Name a significant peak in the region—Mount Baker, Mount Currie, Mount Garibaldi, Mount Sloan, Wedge Mountain, Mount Matier, Mount Marriott, Mount Slaylok, Whirlwind Peak, Mount Benvolio, Joffre Peak, Overlord Mountain—Naomi Prohaska, aged 16, has stood on top of it.
words :: Lisa Richardson
And on May 23, 2017, after two years of local expeditions to learn the craft of mountaineering, then-15-year-old Prohaska ducked out of a semester of classes at Pemberton High, flew north, and climbed her way into history books by topping out on Mount Logan, Canada’s highest peak.
The expedition didn’t happen on a whim. Spring break two years previous had seen Naomi binge-watching videos of rock-climbing’s most talented she-phenoms, including Ashima Shiraishi, who at age 14, had climbed the hardest boulder problem of any woman in the world. It was proof to Prohaska that even though she’d never done “any hard stuff,” she wasn’t too young to be shooting high.
After watching Will Gadd, Julie Angus, Darcy Turenne and Suz Graham at a Mountain Life Multiplicity adventure talk in Whistler, then 13-year-old Naomi began to conceive her own grand adventure. “All the people who were there were always out in the mountains doing cool stuff.”
She set her sights on becoming the youngest person to summit Mount Logan, a 5,959-metre summit in the Saint Elias Mountains and the second highest peak in North America (only Denali looms higher). Mount Logan also happened to be a backyard beat for her dad, ACMG (Association of Canadian Mountain Guides) guide, Rich Prohaska.
At the time, however, Naomi had never even ventured out of bounds on her home ski hill. So, the 13-year-old and her father boot-packed into the backcountry off Whistler Mountain. Then they ski-toured Flute, learning and testing out some of the equipment she’d need in the big mountains. Noticing that Naomi grew more enthusiastic with each adventure, Rich took her on the Spearhead Traverse, Whistler’s infamous 35-kilometre high alpine route that’s often called “The Haute Route of the Northwest.”
Naomi was totally in her element—she had discovered her perfect place. But she was still a long way from being ready. If she were to attempt Logan with her father as guide, he would treat her the same as any other client. There are no free rides that high above sea level: Naomi would have to get there under her own steam.
Her parents sketched out a list of objectives for her to do over the next two years in order to be ready, signed her up for an Avalanche Skills Training Level 1 course, and handed her the book Surviving Logan by Erik Bjarnason; so she’d know how badly things can go wrong.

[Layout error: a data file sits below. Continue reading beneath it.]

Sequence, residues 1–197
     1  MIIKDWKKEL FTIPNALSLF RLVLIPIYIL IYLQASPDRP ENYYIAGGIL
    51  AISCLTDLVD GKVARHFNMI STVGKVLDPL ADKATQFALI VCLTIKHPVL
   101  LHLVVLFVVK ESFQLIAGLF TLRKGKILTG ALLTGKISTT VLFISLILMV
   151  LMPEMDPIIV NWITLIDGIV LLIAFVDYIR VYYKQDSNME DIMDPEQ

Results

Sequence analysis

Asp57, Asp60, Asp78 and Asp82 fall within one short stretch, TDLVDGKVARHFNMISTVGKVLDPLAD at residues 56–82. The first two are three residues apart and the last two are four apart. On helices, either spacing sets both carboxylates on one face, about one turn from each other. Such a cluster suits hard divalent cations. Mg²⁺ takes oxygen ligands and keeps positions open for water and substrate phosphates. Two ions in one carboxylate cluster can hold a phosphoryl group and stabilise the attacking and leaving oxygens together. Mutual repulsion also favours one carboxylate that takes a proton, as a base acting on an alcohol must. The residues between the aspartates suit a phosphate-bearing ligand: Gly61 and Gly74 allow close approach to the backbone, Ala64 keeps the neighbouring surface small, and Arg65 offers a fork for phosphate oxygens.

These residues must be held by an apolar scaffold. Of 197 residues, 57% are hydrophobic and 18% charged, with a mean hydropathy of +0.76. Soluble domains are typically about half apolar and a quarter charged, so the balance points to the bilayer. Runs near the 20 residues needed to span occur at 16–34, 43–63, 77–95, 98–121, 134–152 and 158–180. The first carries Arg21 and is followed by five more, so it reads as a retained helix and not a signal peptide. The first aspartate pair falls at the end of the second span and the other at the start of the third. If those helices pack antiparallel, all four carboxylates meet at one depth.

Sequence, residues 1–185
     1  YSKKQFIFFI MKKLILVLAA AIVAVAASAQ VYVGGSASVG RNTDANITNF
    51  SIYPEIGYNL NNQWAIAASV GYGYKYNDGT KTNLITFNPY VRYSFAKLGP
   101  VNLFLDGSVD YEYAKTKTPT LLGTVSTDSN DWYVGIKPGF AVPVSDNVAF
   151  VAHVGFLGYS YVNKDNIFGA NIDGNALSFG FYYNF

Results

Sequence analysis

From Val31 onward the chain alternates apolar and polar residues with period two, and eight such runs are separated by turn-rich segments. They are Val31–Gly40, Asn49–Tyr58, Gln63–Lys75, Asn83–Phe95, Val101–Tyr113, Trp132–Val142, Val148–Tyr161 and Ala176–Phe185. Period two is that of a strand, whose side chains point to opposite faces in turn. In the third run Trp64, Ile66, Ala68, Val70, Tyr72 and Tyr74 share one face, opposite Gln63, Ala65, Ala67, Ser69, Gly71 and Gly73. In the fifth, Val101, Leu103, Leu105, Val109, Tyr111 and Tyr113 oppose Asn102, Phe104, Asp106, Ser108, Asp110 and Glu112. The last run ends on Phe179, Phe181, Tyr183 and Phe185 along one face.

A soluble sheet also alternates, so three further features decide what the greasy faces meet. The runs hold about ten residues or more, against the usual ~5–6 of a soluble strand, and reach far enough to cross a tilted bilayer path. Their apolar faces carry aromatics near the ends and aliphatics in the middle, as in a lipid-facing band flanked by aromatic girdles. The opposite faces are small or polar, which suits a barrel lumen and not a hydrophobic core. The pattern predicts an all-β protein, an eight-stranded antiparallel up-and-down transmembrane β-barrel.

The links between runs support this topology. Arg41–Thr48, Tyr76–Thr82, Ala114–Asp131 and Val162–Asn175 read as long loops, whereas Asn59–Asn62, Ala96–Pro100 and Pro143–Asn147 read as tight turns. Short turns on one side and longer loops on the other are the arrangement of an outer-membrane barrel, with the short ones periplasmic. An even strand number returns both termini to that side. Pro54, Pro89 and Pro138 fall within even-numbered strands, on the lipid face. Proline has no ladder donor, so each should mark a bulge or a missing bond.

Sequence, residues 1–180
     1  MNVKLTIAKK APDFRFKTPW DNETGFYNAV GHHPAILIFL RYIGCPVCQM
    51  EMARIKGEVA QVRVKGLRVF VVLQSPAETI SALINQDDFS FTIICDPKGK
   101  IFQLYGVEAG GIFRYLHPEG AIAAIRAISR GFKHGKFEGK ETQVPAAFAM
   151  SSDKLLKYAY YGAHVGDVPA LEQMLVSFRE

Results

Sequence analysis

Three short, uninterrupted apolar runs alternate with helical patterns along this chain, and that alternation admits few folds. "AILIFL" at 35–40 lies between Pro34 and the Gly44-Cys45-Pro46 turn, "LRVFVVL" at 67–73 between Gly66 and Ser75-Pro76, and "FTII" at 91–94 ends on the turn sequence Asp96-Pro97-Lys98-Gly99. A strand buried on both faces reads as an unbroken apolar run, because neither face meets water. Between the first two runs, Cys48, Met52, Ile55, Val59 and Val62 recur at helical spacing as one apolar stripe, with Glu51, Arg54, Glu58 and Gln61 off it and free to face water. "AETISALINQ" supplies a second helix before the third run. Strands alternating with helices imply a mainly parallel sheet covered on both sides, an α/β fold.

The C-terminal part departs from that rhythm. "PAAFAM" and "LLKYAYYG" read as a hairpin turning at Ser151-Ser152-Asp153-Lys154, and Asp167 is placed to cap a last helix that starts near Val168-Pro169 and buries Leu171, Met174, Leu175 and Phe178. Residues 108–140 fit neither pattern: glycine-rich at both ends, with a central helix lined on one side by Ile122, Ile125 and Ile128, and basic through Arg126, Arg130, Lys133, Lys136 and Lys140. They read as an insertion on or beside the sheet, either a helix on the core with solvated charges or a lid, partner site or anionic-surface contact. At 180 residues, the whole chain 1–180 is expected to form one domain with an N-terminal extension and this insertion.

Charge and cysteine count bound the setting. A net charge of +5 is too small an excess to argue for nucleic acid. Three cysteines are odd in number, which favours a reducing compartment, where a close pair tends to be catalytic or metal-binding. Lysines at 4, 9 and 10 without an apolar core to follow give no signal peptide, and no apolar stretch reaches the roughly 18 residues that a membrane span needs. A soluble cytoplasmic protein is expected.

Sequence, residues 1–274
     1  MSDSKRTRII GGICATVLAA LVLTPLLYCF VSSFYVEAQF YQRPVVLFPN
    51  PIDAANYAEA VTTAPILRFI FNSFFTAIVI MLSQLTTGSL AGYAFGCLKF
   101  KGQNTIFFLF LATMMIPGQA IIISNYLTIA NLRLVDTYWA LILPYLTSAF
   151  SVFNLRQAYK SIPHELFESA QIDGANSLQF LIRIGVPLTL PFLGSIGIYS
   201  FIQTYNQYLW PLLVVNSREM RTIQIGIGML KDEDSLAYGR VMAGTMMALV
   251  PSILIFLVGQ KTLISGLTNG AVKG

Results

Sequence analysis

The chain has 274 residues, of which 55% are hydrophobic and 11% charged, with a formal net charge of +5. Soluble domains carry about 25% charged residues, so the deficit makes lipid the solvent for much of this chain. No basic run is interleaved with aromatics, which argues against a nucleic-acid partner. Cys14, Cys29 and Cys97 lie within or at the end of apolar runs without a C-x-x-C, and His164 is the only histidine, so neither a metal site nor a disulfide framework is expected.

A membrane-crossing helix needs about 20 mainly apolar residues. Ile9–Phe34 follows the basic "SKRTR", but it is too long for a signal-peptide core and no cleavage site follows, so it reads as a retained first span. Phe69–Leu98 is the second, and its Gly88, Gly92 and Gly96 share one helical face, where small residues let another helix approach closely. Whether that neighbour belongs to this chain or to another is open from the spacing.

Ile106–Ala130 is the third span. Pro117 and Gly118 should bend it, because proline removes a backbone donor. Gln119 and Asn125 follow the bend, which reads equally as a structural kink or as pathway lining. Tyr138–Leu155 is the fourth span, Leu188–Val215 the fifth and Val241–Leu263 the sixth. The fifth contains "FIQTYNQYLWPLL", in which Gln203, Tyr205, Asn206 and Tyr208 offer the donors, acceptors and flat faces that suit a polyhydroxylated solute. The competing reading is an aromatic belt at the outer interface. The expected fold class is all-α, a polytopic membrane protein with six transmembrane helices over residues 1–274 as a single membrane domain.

It’s no spoiler to say that nothing went wrong. Prohaska’s summit made headlines across the country, and her name has been added to Wikipedia under Mount Logan’s notable ascents.
“I think differently in the wilderness. I dream more, I smile more, I feel alive.”
The bigger revelation is that becoming “the youngest on Canada’s top” didn’t change her life. Or her. When Naomi got back to school for the last three weeks of the semester, nothing was different. She was still the same driven, un-princessy girl she’d always been.
“It didn’t ever sink in the way I thought it would. It’s the hardest thing I’ve ever done. But it’s not like it changed the everyday me.”
After training almost non-stop for two years, Prohaska skidded into a surprisingly non-strenuous summer. She didn’t go back into the mountains. She didn’t even think about them or feel the urge to tap back into the alpinist’s zen of putting one foot in front of the other and slogging doggedly upwards. And then, on the Labour Day long weekend her family decided to do Spearhead Traverse one last time before the upcoming Spearhead Hut Project begins building permanent shelters along the route.
“I love the Spearhead,” says Prohaska. “I’ve done it four times now. Last winter, I did it with my dad in a day. It was one of the best days of my life. I felt so strong. Mentally. Physically.”
Harnessing up that September day, wide-stepping to avoid ripping her pants with her crampons and pacing herself against her sister to keep slack out of the rope, reminded Naomi how much she loves travelling across glaciers. Nearly four months after summitting Canada’s highest peak, she fell back in love with the simplicity and clarity that comes from being in the mountains.
“I love doing it. It’s so powerful. It makes me so excited, going out to places where you’re working, your body is working hard, you’re not around people all the time, you’re just doing everything slowly. Out there, no one cares how you look. The experiences you’re having are so much more important than what you look like. All you’re doing is walking and thinking. It’s peaceful.”
And it was there, “walking along the beast of ice,” jumping across crevasses and scrambling up steep rock with her parents and sister, that Naomi realized mountaineering had changed her. “I think differently in the wilderness. I dream more, I smile more, I feel alive. Doing the Spearhead again with my family made me remember how much I need the mountains.”
Summiting Logan taught Naomi that she can do whatever she sets her mind to. “It was such a big goal for me and I actually did it.” But it wasn’t until she was back in her backyard, on the Spearhead Traverse with her family, that the full meaning of that historic feat came back to where it started.
A speaking event full of mountain loving adventurers had inspired Naomi to “be one of them,” she says. “Now I want to be the person who inspires someone to climb, ski, hike or just love the mountains.”
Shortly before press time Naomi reached out and confirmed that her next big goal is to climb Denali, North America’s highest peak. Giv’r Naomi!